Trucks carrying 11-foot-diameter segments of high-density polyethylene pipe began arriving in Bend on Thursday, a sign that an ambitious Central Oregon Irrigation District canal piping project in southwest Bend is well underway.
However, some residents living in the area are upset, saying their voices weren’t included in the district’s planning process.
“They don’t want to be good neighbors in this,” said Robert Kieta, a Bend resident living on Rock Bluff Lane, near the edge of the project.
The irrigation district, which diverts water from the Deschutes River to serve about 45,000 acres across Central Oregon, has been eyeing this project for nearly two years, according to Craig Horrell, district manager for COID. The project, which will cost approximately $5 million, will pipe a 3,000-foot section of open-air canal near the Brookswood Boulevard bridge.
Horrell said the project will conserve water in a leaky section of canal and allow the district to return 5 cubic feet per second to the river. Ultimately, it could be a test case for other piping projects in and around Bend.
“We have to do what’s best for the overall community,” Horrell said.
However, residents of the neighborhood immediately adjacent to the piping project, many of whom are accustomed to walking dogs and biking along the canal, were frustrated, feeling that the irrigation district cut corners and ignored input to get the project complete by April 1, the beginning of COID’s irrigation season.
“There’s public processes in place for a reason,” said Shannon Ostendorff, another concerned neighbor.
Because about $1.4 million of the project’s $5 million price tag came from a grant from the U.S. Bureau of Reclamation, the project was subject to a federal review, in conjunction with the National Environmental Policy Act. If the project was determined to have significant impacts to the environment, cultural resources, or animals protected under the Endangered Species Act, it could have triggered a longer environmental process that would have delayed the project.
Carolyn Chad, deputy area manager for the Columbia-Cascades Area Office of the Bureau of Reclamation, said the project met requirements for a categorical exclusion — the least invasive of the three processes — but the bureau opted to complete an environmental assessment, based on significant opposition to the project from neighbors. The environmental assessment, released earlier this month to the public, determined that the project will not have a significant environmental or cultural impact.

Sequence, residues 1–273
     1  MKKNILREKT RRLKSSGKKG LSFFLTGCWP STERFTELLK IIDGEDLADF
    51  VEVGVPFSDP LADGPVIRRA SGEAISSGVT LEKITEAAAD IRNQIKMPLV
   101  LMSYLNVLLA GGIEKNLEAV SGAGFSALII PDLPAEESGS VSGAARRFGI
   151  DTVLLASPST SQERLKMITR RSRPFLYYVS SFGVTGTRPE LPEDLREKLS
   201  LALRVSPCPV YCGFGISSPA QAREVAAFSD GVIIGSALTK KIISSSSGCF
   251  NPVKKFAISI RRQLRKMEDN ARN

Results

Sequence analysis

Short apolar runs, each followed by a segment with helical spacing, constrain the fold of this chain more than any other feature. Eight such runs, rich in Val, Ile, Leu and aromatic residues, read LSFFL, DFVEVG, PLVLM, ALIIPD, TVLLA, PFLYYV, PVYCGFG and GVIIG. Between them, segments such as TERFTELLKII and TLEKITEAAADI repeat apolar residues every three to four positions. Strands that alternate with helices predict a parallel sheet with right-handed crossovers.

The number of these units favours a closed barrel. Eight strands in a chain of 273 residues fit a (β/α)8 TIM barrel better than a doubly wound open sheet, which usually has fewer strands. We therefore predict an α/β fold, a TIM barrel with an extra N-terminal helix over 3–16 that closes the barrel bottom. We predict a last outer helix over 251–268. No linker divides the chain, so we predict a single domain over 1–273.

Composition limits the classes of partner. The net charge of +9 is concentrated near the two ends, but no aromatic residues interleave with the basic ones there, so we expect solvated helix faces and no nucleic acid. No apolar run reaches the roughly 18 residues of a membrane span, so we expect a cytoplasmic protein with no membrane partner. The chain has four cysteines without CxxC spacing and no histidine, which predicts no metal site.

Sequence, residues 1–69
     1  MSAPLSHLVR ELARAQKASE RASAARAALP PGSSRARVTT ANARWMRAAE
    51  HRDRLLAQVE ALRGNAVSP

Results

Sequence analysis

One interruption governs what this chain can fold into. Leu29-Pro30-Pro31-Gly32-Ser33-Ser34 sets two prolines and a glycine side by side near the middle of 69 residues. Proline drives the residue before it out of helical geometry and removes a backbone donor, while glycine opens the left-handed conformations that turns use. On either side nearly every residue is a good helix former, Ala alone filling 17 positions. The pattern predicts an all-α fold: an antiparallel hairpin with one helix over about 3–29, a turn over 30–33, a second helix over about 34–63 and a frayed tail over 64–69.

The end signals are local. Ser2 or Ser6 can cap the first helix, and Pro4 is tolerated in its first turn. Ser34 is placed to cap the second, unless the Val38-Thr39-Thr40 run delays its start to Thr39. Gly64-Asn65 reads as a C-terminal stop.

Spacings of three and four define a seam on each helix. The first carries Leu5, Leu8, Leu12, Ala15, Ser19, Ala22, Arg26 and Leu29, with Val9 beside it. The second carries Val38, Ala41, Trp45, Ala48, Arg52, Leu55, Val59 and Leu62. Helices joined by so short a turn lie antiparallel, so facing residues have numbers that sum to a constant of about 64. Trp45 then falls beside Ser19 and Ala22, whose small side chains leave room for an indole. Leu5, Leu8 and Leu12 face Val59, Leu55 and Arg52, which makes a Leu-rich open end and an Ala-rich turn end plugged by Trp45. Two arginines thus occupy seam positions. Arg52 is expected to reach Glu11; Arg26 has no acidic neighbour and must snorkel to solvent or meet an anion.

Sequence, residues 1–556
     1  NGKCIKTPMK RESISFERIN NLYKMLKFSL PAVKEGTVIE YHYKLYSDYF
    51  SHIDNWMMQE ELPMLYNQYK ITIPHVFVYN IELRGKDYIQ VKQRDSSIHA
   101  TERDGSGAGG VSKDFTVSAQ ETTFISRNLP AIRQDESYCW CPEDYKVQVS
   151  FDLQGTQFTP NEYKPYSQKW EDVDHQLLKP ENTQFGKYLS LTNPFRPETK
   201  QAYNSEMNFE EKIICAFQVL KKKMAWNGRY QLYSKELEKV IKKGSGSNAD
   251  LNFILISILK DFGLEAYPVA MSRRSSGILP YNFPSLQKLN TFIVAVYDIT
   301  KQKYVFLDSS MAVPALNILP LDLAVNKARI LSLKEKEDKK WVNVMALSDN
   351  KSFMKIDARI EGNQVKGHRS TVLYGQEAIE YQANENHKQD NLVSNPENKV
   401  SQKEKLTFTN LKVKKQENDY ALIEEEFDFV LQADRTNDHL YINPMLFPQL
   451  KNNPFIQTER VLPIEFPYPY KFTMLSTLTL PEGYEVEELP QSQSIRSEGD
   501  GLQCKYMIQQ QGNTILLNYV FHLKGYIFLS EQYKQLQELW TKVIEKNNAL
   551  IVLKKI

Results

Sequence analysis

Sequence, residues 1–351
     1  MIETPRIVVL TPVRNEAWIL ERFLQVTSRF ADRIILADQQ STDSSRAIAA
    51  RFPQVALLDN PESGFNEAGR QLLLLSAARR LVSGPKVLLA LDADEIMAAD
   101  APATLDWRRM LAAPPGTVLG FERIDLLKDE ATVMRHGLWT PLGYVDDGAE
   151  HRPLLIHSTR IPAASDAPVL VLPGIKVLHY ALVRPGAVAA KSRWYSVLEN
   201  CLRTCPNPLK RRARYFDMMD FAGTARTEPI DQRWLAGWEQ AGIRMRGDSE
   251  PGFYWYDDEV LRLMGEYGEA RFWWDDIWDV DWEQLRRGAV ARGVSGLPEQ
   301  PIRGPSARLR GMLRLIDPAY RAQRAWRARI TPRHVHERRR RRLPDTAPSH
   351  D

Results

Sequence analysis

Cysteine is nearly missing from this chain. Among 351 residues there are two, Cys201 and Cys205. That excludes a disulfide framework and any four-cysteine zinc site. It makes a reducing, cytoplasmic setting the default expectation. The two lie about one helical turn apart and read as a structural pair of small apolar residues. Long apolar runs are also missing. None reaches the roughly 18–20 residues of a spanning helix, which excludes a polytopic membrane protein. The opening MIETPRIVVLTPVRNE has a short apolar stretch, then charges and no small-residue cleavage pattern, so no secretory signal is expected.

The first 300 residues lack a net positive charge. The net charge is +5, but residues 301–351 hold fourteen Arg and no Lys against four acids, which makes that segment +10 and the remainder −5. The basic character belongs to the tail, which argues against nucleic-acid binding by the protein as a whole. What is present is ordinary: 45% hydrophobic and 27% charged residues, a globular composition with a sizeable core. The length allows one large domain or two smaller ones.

Chad said environmental assessments do not require a public comment period, and added that the proposal did not rise to a level of controversy that would have triggered one.
“It depends on complexity and staff capacity,” Chad said.
However, Kieta and Ostendorff were concerned about several elements of the assessment and believed it was put together hastily to get the project completed by the beginning of April.
For example, the assessment notes there are no wetlands within the project area, which affects whether the project will impact vegetation as well as the Oregon spotted frog, which is protected under the Deschutes Basin Habitat Conservation Plan. Ostendorff, who lives next to the canal, argued that there are pockets of wetlands along the canal.
“It seems like they checked a box without looking,” she said.
Chad acknowledged that the Bureau of Reclamation relies on maps to determine wetland delineations, but added that the wetlands in the area could be caused by water loss from the canal.
“We also know that canal leaked like a sieve,” Chad said.
Additionally, Ostendorff pointed to the district’s outreach to three local and state-level historical organizations as evidence that the project was rushed. Of the three organizations contacted to review a document designed to mitigate the project’s impact on historical development, only one — the Deschutes County Historical Society — responded.
Kieta added that outreach on the project was poor, with only a handful of neighbors near the canal being notified that blasting would take place as part of the project.
Kieta accused the district of attempting to rush the process in order to sell the 154-acre parcel on the project area for development.
“It strikes me as strange that COID can do what they want, when they want,” Kieta said.
Horrell said the district is looking to sell part of the property, which would free up money for the district to pursue other projects. However, he said, getting the project done in time to provide water for the district’s customers is the only factor affecting the timeline.
Horrell emphasized that the irrigation district followed the federal process on this project and sent around 25 letters to neighbors that would be disproportionately impacted by construction in the area.
“I think it comes as a shock to people who think they own these big, open spaces,” Horrell said.
The project is expected to take a little under three months to complete, and the district will work with the Bend Park & Recreation District to build a trail once the piping is complete.
“We’re excited to do it,” Horrell said.
— Reporter: 541-617-7818, email@example.com